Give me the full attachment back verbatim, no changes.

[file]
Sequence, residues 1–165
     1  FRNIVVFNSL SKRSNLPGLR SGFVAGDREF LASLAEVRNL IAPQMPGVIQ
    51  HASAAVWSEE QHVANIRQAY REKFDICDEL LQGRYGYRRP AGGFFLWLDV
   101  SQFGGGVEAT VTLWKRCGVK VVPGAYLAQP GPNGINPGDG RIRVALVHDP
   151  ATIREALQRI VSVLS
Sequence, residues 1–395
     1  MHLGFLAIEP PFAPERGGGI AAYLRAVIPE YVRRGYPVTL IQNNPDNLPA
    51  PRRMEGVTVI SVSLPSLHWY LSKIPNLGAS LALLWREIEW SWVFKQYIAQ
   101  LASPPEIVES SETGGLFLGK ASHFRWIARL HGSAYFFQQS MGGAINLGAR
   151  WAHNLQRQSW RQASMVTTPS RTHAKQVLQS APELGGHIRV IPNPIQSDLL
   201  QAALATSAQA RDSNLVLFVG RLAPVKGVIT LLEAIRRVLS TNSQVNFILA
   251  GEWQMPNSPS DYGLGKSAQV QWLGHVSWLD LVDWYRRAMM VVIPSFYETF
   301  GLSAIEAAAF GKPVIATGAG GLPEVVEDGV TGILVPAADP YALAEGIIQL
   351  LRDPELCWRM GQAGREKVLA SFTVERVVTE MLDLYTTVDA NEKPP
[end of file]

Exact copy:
Sequence, residues 1–165
     1  FRNIVVFNSL SKRSNLPGLR SGFVAGDREF LASLAEVRNL IAPQMPGVIQ
    51  HASAAVWSEE QHVANIRQAY REKFDICDEL LQGRYGYRRP AGGFFLWLDV
   101  SQFGGGVEAT VTLWKRCGVK VVPGAYLAQP GPNGINPGDG RIRVALVHDP
   151  ATIREALQRI VSVLS
Sequence, residues 1–395
     1  MHLGFLAIEP PFAPERGGGI AAYLRAVIPE YVRRGYPVTL IQNNPDNLPA
    51  PRRMEGVTVI SVSLPSLHWY LSKIPNLGAS LALLWREIEW SWVFKQYIAQ
   101  LASPPEIVES SETGGLFLGK ASHFRWIARL HGSAYFFQQS MGGAINLGAR
   151  WAHNLQRQSW RQASMVTTPS RTHAKQVLQS APELGGHIRV IPNPIQSDLL
   201  QAALATSAQA RDSNLVLFVG RLAPVKGVIT LLEAIRRVLS TNSQVNFILA
   251  GEWQMPNSPS DYGLGKSAQV QWLGHVSWLD LVDWYRRAMM VVIPSFYETF
   301  GLSAIEAAAF GKPVIATGAG GLPEVVEDGV TGILVPAADP YALAEGIIQL
   351  LRDPELCWRM GQAGREKVLA SFTVERVVTE MLDLYTTVDA NEKPP